Perhaps the most pernicious myth peddled about war is that it is cathartic. It may result in the redrawing of national borders or even the establishment of self-determining nations organized roughly along ethnic and cultural lines. But as debut director Alen Drljević’s powerful, punchy “Men Don’t Cry” persuades, for many of its participants, war does not represent the culmination of historical tensions so that old enmities can be resolved once and for all. For many, it’s a beginning — the start of a broken life. For the characters in his film, representing all sides in the complex, multifaceted drawn-out series of conflicts in the former Yugoslavia, there was nothing purifying or simplifying about the war: on the contrary, it was where they learned to hate themselves as much as their putative enemies.
“The war ended 20 years ago, but not for you,” says Ivan (Sebastian Cavazza), the handsome Slovenian group therapist running this counseling workshop in the Bosnian mountains. Indeed, like walking wounded, the men stumble through the empty corridors and shuttered bars of this no man’s land — a hotel that’s otherwise closed up for the off-season. Whether engaging in faintly ridiculous team-building trust exercises, coming to blows, forging unlikely friendships or exchanging flinty looks across silent breakfast tables, the Serbs, Croats and Bosnians, secular and religious, Christian and Muslim, find that the one thing they share is deep, soul-scorching shame. All of them learned things about themselves in that war that they’d rather not have known, and all of them are contending with how far from the masculine ideals of strength, stoicism, bravery and self-reliance they feel they have fallen.
There are some who bear physical as well as psychological wounds: one man has lost a leg; another, the youthful Bosnian Jasmin (Boris Ler) is in a wheelchair. He’s no longer a believer, but his gnomelike compatriot Merim (Emir Hadžihafizbegović) is a devout Muslim. Which means Merim does not participate in the illicit drinking that goes on late at night when the bearlike Serb Miki (Boris Isaković) scores some homemade hooch from the hotel manager (Izudin Bajrović) and gets roaring drunk with the Croatian Valentin (Leon Lučev).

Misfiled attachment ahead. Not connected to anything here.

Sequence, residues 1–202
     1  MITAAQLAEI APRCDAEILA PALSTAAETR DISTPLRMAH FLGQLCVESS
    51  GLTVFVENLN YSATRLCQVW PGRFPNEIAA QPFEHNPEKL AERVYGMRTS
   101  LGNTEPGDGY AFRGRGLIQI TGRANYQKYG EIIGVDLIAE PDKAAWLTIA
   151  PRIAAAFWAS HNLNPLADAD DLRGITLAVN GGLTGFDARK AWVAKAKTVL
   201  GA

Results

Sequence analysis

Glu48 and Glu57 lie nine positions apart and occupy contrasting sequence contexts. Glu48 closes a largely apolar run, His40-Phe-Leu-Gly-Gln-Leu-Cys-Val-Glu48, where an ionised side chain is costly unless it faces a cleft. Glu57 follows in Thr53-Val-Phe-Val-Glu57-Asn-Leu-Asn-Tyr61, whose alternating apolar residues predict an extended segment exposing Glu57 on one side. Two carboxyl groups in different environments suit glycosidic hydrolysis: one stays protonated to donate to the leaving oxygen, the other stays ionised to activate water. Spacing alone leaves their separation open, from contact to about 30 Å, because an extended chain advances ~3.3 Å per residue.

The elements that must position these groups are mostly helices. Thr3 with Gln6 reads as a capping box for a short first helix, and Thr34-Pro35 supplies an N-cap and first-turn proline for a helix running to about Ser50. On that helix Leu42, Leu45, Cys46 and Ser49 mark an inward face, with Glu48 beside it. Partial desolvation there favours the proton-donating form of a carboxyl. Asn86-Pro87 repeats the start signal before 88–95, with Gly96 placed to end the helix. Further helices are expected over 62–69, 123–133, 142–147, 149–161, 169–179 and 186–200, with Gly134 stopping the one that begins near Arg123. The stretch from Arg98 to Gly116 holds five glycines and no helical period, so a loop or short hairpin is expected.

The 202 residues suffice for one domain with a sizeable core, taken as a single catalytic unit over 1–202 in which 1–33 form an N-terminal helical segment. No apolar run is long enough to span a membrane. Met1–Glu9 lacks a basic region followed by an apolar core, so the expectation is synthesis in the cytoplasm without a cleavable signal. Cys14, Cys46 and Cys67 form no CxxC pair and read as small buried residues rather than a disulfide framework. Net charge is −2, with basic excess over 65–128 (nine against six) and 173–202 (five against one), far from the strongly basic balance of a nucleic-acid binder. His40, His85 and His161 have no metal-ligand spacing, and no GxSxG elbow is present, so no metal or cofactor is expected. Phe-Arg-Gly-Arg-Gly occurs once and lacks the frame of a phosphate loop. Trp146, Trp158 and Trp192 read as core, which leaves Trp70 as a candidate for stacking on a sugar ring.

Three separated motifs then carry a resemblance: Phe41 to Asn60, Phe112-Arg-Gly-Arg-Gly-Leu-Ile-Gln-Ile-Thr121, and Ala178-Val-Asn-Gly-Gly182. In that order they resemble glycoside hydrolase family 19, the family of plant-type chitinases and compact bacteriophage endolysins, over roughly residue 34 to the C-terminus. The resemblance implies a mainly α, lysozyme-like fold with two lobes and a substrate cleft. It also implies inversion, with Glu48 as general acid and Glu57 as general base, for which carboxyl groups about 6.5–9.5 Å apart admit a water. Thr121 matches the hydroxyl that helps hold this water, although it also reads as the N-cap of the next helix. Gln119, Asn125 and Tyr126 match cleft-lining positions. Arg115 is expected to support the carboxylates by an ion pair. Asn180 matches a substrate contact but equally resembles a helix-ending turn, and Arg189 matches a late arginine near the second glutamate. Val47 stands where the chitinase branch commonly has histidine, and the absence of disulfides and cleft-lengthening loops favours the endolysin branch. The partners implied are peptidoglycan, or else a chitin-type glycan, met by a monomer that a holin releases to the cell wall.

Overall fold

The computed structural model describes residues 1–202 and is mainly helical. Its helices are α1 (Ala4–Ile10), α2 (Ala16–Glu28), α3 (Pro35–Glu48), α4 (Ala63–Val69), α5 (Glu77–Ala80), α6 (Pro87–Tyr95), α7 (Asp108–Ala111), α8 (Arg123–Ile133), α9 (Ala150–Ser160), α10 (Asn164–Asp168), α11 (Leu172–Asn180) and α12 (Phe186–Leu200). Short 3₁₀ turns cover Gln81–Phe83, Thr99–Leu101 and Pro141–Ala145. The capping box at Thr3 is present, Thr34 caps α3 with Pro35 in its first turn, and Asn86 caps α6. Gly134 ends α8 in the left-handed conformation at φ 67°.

Drljević and Zoran Solomun’s dense script is discursive, but never didactic, and the lightning-rod performances from the regionally well-known pan-Balkan cast keep it deeply engrossing. Even moments that could have felt schematic are focused and believable, such as the role-playing game in which each of the men gets to watch their most scarring incident replayed by the others, only this time with the ending they wish for. Even within so large an ensemble, in which tangled lines of alliance and suspicion crisscross every interaction, Drljević unerringly knows the dramatic heart of each scene.
Erol Zubčević’s calm, polished photography is an unobtrusive boon: his compositions make elegant use of the warm-toned yet melancholy, spooky interiors (and using an out-of-season hotel as a representation of a kind of limbo is inspired). Within these frames, the various hierarchies are subtly evoked and shown to be fluid — a complex dynamic, in which Miki and Valentin’s relationship gradually emerges as the most potent, especially following Miki’s confession of a war crime so horrible that although the others empathize, Valentin cannot forgive him.
“Men Don’t Cry” is not only an insightful investigation into the mechanics of guilt and the group dynamic. As the title suggests, the film is also a critique of a culture of rigid machismo that contributes to their shared misery. Whether lasciviously hitting on a waitress at the breakfast table, or watching amateur porn on a cellphone during a visit to a nearby War Memorial, or describing a relationship with an overbearing mother, or outlining the sad process by which PTSD led inevitably to the failure of a marriage, the dysfunction of male/female relationships provides subtle but compelling subtext.
A few of the men do experience a kind of therapeutic epiphany at some point, but Drljević is careful not to present the well-intentioned workshop as an unambiguous good: In a couple of instances, including that of an early walkout and a late dramatic twist, the sessions proves too much to bear and may actually entrench some of the participants even more firmly in their prejudices or trap them more thoroughly in their previously repressed pasts. But there’s also the helpless acknowledgement that while talking things out may be a flawed and sometimes ineffective or even counterproductive therapy for wartime trauma, it’s all we’ve got as a means of trying to rescue the men who may have survived but never truly came home.